Images to come later, once I find them!
Tuesday was an early start, packing the car with everything we needed to drag back up to Wellington, it seemed almost as much as we brought down, even though we left a fair few boxes in the garage at Ian and Sally’s. We eventually got started, and headed out to Wanaka. We picked up a few groceries there, before heading off towards the west coast. Wanaka was quite pleasant in terms of weather, the sun was out, although there wasn’t much snow on the hills, considering it is still technically winter. Lots of blossom.
we cruised past the pretty lakes, then headed on into cloud, and everything suddenly became forested and green and lush – such a difference after spending two weeks in central, where everything is dramatic, dry and scrubby.
The sides of the road were green, and there was mossy forest everywhere. We stopped at a cafe in some random tiny place for lunch, then at all the waterfalls – the blue pools, fantail falls, Thunder Creek and Roaring Billy. I only collected a few rocks, and we saw a rather large number of sandflies.
We made it to Haast, stopped briefly at the Doc Info center, before driving on to Fox. It was all very epic and mist shrouded mountains. In Fox, we rocked up to a couple of backpackers before finding a cheap but comfortable one with a spa. The spa was out the back, surrounded by native bush, and we relaxed in it as dusk settled over the mountain, with kaka and all the other birds making their evening calls.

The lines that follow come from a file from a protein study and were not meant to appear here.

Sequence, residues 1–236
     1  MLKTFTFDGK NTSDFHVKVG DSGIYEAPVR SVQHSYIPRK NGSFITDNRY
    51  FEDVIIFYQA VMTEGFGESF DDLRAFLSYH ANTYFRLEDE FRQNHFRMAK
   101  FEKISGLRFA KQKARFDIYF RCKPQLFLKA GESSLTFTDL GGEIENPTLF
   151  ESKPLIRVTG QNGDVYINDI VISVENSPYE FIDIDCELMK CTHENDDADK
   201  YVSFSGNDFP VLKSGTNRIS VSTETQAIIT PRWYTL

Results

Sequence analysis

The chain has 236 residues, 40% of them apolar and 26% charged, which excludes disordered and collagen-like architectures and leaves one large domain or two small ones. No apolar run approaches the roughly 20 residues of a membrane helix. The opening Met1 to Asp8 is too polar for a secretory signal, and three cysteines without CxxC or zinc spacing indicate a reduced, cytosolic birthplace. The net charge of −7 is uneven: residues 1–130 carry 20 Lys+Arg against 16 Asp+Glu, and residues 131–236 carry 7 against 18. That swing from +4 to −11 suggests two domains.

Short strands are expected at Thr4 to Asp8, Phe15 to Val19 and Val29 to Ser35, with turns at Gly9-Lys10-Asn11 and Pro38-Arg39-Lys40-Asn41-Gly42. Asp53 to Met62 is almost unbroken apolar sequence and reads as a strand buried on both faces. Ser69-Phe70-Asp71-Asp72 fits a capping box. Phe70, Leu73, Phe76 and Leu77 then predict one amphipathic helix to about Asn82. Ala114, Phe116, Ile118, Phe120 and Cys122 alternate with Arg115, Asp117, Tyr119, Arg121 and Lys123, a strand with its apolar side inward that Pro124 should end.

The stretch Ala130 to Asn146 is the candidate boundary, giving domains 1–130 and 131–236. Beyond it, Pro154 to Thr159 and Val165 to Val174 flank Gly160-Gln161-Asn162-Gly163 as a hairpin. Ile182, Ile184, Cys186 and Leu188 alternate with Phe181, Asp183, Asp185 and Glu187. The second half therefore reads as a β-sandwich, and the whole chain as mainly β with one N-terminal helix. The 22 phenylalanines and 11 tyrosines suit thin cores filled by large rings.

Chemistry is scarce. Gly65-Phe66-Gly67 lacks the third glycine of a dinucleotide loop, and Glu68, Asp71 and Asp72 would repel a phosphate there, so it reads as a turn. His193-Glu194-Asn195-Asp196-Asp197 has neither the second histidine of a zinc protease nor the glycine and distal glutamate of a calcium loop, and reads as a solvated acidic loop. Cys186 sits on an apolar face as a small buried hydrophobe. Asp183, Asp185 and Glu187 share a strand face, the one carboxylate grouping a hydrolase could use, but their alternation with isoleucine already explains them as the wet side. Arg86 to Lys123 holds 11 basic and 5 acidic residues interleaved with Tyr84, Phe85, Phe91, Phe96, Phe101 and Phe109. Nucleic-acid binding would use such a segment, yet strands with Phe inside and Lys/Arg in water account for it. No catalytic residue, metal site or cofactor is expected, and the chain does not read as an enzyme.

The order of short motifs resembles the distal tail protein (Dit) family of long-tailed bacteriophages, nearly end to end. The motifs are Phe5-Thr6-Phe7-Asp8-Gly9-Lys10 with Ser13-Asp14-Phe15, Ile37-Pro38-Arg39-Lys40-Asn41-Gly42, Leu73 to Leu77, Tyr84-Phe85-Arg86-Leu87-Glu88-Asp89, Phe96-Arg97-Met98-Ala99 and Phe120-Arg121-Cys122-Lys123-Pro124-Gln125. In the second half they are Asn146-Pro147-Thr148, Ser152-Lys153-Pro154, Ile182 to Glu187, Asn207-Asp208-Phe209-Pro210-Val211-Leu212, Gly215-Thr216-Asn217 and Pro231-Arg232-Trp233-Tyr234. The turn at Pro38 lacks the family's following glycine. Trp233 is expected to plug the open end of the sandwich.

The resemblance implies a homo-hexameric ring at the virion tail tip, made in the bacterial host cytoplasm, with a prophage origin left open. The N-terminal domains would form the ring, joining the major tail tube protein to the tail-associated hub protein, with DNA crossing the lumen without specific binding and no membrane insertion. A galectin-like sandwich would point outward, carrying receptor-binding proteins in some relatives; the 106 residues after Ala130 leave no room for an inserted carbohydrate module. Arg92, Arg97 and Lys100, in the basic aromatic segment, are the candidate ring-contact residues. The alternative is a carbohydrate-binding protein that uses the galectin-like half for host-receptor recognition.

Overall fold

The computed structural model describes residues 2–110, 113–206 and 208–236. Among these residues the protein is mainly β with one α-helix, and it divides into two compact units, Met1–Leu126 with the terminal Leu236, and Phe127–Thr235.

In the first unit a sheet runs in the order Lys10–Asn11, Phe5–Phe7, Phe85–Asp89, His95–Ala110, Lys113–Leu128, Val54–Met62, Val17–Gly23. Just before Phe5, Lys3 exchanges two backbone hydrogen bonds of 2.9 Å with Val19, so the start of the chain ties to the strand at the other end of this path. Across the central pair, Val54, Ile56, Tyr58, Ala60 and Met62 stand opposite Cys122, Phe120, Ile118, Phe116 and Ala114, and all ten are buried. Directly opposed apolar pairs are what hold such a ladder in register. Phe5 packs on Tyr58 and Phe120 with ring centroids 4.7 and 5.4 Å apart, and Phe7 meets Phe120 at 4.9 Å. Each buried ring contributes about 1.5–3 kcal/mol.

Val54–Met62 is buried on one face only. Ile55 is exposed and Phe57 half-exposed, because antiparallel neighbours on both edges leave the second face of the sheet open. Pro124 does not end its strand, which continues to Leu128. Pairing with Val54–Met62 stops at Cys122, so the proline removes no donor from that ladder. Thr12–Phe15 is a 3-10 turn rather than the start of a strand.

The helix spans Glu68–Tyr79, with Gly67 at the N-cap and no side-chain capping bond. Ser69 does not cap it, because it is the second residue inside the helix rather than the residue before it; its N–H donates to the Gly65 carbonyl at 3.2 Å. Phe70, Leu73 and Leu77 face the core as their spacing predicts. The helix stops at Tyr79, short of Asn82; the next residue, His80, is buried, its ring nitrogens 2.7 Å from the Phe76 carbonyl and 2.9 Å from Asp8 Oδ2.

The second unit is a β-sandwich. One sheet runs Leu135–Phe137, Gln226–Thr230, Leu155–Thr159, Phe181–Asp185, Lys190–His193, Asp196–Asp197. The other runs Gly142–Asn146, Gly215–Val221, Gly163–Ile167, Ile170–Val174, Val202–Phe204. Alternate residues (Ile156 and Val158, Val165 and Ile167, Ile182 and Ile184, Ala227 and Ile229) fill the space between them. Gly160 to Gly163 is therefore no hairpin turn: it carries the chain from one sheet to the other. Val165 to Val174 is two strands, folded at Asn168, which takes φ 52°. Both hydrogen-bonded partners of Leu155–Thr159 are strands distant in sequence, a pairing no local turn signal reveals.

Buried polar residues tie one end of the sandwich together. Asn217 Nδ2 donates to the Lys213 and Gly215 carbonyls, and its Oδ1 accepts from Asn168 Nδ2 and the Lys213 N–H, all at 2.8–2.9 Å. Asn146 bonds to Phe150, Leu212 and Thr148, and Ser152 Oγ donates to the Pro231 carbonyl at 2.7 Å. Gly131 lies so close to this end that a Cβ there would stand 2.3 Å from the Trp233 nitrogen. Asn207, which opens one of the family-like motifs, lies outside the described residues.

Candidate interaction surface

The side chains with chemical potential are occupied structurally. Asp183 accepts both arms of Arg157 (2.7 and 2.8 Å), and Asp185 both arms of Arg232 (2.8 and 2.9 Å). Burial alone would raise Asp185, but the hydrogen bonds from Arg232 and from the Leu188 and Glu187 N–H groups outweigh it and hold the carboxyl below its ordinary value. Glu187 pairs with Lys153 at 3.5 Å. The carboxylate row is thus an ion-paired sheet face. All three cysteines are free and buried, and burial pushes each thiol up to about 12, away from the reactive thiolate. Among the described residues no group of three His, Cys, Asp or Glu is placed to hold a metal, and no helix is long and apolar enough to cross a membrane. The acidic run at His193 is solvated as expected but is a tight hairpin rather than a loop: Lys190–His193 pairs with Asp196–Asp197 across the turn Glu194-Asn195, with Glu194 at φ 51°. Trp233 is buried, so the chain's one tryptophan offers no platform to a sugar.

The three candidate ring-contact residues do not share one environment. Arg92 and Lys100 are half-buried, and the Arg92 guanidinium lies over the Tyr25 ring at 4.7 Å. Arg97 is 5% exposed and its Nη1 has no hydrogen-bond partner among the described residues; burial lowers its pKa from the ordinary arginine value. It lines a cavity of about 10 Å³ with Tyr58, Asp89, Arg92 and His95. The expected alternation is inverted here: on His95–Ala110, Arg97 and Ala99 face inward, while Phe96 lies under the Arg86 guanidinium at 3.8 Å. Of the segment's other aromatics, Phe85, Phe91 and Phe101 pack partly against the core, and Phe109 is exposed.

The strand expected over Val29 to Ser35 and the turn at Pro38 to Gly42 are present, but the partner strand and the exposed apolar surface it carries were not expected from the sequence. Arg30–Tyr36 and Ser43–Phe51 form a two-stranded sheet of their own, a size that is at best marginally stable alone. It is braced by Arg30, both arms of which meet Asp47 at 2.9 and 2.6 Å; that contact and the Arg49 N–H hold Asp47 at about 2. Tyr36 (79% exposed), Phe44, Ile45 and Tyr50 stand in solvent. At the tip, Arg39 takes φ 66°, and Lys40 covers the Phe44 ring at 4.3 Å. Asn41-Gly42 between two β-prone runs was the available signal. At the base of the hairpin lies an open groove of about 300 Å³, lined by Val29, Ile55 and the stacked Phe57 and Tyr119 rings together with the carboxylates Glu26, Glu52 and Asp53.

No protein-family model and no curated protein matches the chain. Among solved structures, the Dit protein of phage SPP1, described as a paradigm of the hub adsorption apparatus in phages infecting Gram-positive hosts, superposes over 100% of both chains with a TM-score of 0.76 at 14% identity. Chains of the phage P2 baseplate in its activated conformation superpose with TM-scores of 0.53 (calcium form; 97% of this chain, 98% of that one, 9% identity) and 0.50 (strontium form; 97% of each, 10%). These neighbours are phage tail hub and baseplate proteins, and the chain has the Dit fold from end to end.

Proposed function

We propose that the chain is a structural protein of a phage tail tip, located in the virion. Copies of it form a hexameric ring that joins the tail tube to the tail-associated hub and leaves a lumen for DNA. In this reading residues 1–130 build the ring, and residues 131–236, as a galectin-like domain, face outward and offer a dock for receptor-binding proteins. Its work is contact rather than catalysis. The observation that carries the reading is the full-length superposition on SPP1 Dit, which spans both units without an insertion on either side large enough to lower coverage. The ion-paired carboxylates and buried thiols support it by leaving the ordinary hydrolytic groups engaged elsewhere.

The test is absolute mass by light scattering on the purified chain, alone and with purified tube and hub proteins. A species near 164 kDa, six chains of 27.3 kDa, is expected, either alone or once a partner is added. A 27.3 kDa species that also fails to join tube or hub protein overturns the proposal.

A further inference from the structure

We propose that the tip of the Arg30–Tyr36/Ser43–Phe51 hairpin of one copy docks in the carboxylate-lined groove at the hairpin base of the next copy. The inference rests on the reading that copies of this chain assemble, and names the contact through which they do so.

Once we got too hot, we dressed and wandered down the main street of Fox, until we found a suitable restaurant, the Cook Saddle Saloon, where we had an exceptionally delicious meal.
Wednesday we awoke early, and got on the road asap. We drove up to the Fox Glacier, and then had our morning run up to the glacier. We decided to run as we had a lot of things to fit in, and a short time to do it in. Also, it was raining, as it often is on the West Coast, and we thought running in the rain would be less miserable than walking. It also meant I got more time looking at the glaciers, rather than walking up to them.
It has been about 7 years since I was last at Fox Glacier, and it was quite a sad sight – Holy retreating glacier, batman!!! The end of the glacier has retreated quite a way, and decreased in volume as well, so it was much shorter. there were whole new walkways up a hill, and you can no longer walk up to the face, you have to walk up a ridge beside it, and look down on it, but you can’t get close. It was very dirty, as it decreases in size, all the gravel it has scraped off the walls falls down on top of the glacier. The end face is falling in every day or so, and there was a pile of broken ice at the face.
Dale said it had even retreated a bit since he was there earlier this year in January, and the tours that walk on the glacier have to walk further up the ridge along the side to find a safe place to get on the glacier.
After visiting Fox Glacier, we headed off to Franz Josef, where we did the short walk (at a run) to Peter’s Pool, a small, and very reflective kettle lake in the valley looking up towards the glacier. Back in the day, you could see the glacier from there, but it has retreated so far you can no longer see it. It was a pretty view nonetheless. the kettle lake forms when a large chunk of ice breaks off and lands on the ground, where it eventually melts as the glacier retreats, and leaves a small lake. Over time it will eventually fill with peat and form a bog. Now, it was still pretty, and very reflective, even though it was raining a little while we were there.